The Government nevertheless contends that dismissal is appropriate here based on Salas-Soto "s attorney's representations and because "Salas-Soto has presented no affidavit or other evidence to support his claim." In response to Salas-Soto's assertion that he asked his attorney to file an appeal, his attorney, Steven M. Statsinger, submitted a declaration in which he stated:

I have no specific recollection of my discussion with Mr. Salas-Soto regarding his appeal rights. However, my ordinary practice with respect to filing a notice of appeal is as follows: . . . In cases like Mr. Salas-Soto's, where there are no disputed legal or factual issues that need to be resolved at sentencing, I tell the client that, if the Court imposes a sentence within or below the anticipated range and, in my judgment, commits no legal error in the imposition of sentence, I will not file a notice of appeal unless directed to by the client. I always file a notice of appeal if client instructs me to, even if I believe that there is no appealable issues.
Although Statsinger did not recall whether Salas-Soto requested him to file a notice of appeal, he stated in his declaration that he received a letter dated Sept. 27, 2002, from Salas-Soto about the status of his appeal, to which Statsinger responded as follows:

  As you will recall, before your [sic] were sentenced, I told you that I would not file a notice of appeal in your case if your sentence was within the correct range and the judge made no legal errors in its imposition, unless you expressly directed me to do it. Since no errors were made in your sentence, and since you did not Page 6 tell me to appeal the case, I did not file a notice of appeal.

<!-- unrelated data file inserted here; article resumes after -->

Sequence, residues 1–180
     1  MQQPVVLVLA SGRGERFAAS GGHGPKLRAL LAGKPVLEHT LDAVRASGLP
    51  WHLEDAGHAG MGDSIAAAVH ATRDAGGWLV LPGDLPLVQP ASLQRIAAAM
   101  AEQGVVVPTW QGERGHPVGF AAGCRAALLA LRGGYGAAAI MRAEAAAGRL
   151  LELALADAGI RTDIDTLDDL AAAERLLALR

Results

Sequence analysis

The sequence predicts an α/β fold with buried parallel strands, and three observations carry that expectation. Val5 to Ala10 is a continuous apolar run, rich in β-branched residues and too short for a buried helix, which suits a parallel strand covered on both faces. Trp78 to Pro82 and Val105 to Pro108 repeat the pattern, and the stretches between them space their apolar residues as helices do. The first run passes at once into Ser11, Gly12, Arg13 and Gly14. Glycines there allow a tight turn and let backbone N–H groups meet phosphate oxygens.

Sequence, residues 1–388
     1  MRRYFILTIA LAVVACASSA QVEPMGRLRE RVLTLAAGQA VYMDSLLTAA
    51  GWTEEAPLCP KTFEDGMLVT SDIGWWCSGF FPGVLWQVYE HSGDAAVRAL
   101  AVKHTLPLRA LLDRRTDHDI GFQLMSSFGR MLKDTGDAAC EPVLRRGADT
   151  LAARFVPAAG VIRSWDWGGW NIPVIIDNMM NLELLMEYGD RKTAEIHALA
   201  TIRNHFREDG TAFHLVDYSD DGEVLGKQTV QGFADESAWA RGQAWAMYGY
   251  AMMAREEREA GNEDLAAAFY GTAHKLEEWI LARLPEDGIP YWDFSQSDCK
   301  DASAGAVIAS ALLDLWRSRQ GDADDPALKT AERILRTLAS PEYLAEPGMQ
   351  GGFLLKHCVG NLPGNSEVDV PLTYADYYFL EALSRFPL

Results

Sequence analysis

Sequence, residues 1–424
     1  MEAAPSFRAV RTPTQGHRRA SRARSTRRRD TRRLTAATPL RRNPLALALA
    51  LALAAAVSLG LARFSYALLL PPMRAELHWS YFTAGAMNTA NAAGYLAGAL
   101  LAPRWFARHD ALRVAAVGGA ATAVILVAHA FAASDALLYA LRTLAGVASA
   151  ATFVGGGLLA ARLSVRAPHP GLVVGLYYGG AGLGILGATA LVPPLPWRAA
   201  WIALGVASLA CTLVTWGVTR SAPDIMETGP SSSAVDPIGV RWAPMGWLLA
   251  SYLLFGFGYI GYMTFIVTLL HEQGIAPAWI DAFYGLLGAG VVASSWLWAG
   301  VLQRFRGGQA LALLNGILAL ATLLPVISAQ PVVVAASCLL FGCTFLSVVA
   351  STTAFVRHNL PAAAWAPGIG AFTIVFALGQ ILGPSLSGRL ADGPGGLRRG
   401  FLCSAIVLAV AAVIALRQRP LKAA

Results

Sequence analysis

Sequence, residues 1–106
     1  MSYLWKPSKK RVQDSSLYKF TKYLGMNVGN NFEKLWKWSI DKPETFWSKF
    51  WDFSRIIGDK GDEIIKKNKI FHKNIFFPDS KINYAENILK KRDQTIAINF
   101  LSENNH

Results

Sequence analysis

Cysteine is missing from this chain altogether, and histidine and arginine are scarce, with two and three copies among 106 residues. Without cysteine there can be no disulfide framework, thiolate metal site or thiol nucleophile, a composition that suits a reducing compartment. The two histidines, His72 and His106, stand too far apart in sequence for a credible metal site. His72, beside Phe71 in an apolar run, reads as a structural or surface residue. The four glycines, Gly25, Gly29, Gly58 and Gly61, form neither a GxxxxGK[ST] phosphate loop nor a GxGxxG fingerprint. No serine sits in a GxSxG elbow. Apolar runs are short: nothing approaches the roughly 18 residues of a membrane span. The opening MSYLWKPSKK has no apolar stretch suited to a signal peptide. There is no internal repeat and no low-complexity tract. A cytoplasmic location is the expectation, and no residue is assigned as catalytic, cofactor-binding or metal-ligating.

On the other hand, in his letter of December 12, 2003, Salas-Soto stated that he asked his attorney to file an appeal.

  Under these circumstances a hearing is unnecessary. The Second Circuit recently analyzed when a hearing is required for a habeas petition in Chang v. United States, 250 F.3d 79 (2d Cir. 2001). In Chang, the Second Circuit reviewed the dismissal of a § 2255 petition where the district court denied a hearing on petitioner's claim, which was based, as here, on ineffective assistance of counsel.*fn3 Although Second Circuit indicated a preference that district courts hold hearings rather than summarily dismiss habeas petitions, the Second Circuit held that the district court did not abuse its discretion in denying the hearing and instead relying on the attorney's "detailed" and "credibl[e]" affidavit. See id. at 85. Although I see no reason to doubt Salas-Soto's statement that he made this request — indeed, Statsinger in his attestation does not specifically deny that such a request was made, but doubts it given his practice to honor such requests — his claim lacks much in the way of specifics, nor was it made in the form of an affidavit. Cf. id. at 86 (finding that a hearing was not required where petitioner submitted an affidavit that contained a generic claim "based solely on [petitioner's] own highly self-serving and improbable assertions"). Moreover, although prejudice is to be presumed, it is extremely difficult to see where there would be any prejudice in this case — Salas-Soto pled guilty and was sentenced at the lowest end of the Sentencing Guidelines range, and the only other claim that he has raised has been found to be without merit. Although I do not discern any possible basis for petitioner to show any prejudice from Statsinger's alleged failure to file an appeal, I will grant him until February 27, 2004 to submit an affidavit that indicates what issue or issues he intended then and intends to advance on an appeal. Furthermore, he should include in this affidavit the details, as explicitly as he can recall, about the circumstances — e.g., the substance of the conversation and when and where it occurred — concerning his request that Statsinger file a notice of appeal. If Salas-Soto fails to submit an affidavit to this effect by that deadline, his petition will be denied and the writ dismissed. If he submits an affidavit, the Court will Page 7 determine what, if any, further steps are appropriate.


  For the foregoing reasons, the government's motion is granted in part and denied in part. Petitioner is directed to supplement the record in accordance with this opinion, if he so chooses.